|Northern Territory Government (c)|
Now, as the case with most invasive species, the usual charges of environmental degradation have much maligned Australia's feral camels- which include the only truly "wild" Dromedary camels left in the world as well as the endangered Bactrian camel. Camels destroy and foul water sources. They over browse the native vegetation at population densities greater than 2 per square kilometer. They don't respect aboriginal sites or the fences of cattle ranchers, often times destroying the latter outright. They eat 80% of the plant species available. This outcry over the depredations of feral camels resulted in a recent government sponsored culling of about 100,000. Subsequent droughts have since lowered the population from a high of about 1 million to about 750,000.
But if you look back at the history of the camel in Australia a similar dubious light is cast upon the creatures relationship to the peoples of Australia.
Camels were originally imported to Australia as beasts of burden to assist in the conquest of the arid interior. Horses, donkeys and bollocks were used initially but expeditions utilizing these animals often met disastrous results- not just for want of feed and water, but because they were reportedly "spooked" by the terrain of the Australian outback. The importation of camels, and their Afghan cameleers- dubbed "Ghans"- proved pivotal in the conquest of the outback resulting in such infrastructure projects as the Overland Telegraph and Trans Australian Railway.
The strange and little known history of Islamic cameleers in the Australian outback unceremoniously came to a close. Here is an account of one of the few remaining mosques from reCollections, the Journal of the National Museum of Australia.
In the Adelaide summer of 1952 a young Bosniam Muslim and his friends, newly arrived immigrants, pushed open the high gate of the Adelaide mosque...As Shefik Talanavic entered the mosque courtyard he was confronted by an extraordinary sight. Sitting and lying on benches, shaded from the strong sunshine by vines and fruit trees, were six or seven ancient, turbaned men. The youngest was 87 years old. Most were in their nineties; the oldest was 117 years old. These were the last of Australia's Muslim cameleers... Several had subscribed money during the late 1880's for the construction of the mosque which now, crumbling and decayed, provided their last refuge.
But far from fading into obscurity, Australia's camels have proved quite robust in their new home. Released into the wild when they proved obsolete, a founding population of a few thousand had grown to close to a million animals. The government began a cull of about 100,000 and then the droughts, substantially lowering the population. But a contingent of voices has arose in defense of the feral camels of Australia.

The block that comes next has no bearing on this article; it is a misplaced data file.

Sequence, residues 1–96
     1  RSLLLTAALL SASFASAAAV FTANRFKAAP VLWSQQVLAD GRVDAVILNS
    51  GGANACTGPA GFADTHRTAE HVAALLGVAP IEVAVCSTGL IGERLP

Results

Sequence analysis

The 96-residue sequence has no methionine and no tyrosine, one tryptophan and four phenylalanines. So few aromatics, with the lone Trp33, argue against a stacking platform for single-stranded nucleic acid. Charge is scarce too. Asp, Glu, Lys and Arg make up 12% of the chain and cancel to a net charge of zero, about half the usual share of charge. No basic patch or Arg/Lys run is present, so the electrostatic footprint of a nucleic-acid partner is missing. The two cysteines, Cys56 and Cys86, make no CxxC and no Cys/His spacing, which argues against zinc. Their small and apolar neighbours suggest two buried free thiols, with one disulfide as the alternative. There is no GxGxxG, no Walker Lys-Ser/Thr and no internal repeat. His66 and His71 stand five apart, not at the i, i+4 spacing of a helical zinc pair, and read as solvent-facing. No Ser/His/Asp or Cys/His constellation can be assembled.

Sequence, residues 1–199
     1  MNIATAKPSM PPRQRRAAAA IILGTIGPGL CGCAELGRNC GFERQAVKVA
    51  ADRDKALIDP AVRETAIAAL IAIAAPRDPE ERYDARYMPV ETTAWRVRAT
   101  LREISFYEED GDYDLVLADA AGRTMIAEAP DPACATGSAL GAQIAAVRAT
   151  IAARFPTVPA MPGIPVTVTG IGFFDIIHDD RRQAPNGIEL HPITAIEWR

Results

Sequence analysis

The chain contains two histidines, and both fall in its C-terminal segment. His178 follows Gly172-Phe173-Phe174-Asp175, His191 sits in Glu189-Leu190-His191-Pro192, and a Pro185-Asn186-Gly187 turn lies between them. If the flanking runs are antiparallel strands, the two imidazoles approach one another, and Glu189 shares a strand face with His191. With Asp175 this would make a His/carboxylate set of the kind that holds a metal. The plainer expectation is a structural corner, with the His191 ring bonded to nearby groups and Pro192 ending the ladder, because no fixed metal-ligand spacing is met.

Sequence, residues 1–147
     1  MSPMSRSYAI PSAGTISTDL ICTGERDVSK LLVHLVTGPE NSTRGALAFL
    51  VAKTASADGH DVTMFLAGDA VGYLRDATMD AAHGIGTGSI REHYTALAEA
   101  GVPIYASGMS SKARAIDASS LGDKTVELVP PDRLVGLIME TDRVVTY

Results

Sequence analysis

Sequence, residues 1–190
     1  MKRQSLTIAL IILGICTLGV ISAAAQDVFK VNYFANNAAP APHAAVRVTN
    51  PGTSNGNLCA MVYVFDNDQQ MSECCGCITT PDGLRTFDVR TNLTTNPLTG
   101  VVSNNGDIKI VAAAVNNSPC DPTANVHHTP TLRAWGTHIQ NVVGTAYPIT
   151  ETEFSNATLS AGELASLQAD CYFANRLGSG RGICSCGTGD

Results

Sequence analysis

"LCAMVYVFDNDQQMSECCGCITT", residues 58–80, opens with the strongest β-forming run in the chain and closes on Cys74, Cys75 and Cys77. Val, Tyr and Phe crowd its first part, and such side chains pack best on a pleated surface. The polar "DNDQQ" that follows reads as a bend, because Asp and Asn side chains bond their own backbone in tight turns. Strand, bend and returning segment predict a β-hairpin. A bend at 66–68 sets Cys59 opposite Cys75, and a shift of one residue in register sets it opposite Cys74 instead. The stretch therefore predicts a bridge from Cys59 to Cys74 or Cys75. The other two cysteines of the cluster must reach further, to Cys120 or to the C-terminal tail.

Unlike cattle, horses, sheep and other livestock which humans place in arid lands- camels are true desert specialists. Their broad, splaying feet do not cut into the shallow dirt causing erosion and damaging soil and root integrity.
Interestingly some innovative Aussies have already begun to run camels commercially for export, both for food and sport. Although a delicacy in several southeast Asian and Middle Eastern countries- the economic reality of harvesting, shipping, and marketing this meat from the remote interior has not yet taken off for whatever reasons. Not surprisingly Aussies themselves have not taken to feasting on their feral country mates. Don't expect to see camel on the menu at Outback Steakhouse any time soon.
And a new voice has entered the fracas of the camel issue, a voice from the past. Ecologically Australia has supported several large browsers in the recent Pleistocene, the giant wombat Diprotodon and the giant short faced kangaroo, Procoptodon. Camels, it is argued, fill the gap of the large browser that always existed here. Not only are camels OK for the outback- they
But what is missing here is control. Now a million camels seems like a lot, but spread over the whole arid interior it is really not that daunting of a population. Certainly if Aussies don't find a way to sustainably and economically manage the herds of camels either by exporting the beasts or serving them up as tucker we can expect that droughts and starvation will have the final say (the camel population is remarkably disease free being descended from imported healthy stock). Or we look towards other means of control. Both Diprotodon and Procoptodon had to contend with Megalania, which most likely behaved like a hyped up Komodo Dragon. Of course we can't bring back Megalania but some have suggested another option. Far from being a small island endemic, recent findings suggest that Komodo Dragons were in fact quite more widely distributed throughout southeast Asia and Australia than their present range suggests.
|Varanus komodiensis. (c) Bohemian traveller|
Is it time to repatriate the lizard king to help control the ferals of Australia? Something tells me the cattle ranchers might have an opinion on that....
Afghan Cameleers in Australia
Camels to Rescue in Ecosystem
Camels Rescue Australian Inland Ecosystem by Replacing Diprotodons ASAP
Camels or Cattle?
Ecological Effects of Feral Camels on the semi-arid regions of Australia
Tens of Thousands of Feral Camels Culled in Australian Outback
Support me on Patreon.
Like antediluvian salad on facebook.
My other blog southlandbeaver.blogspot.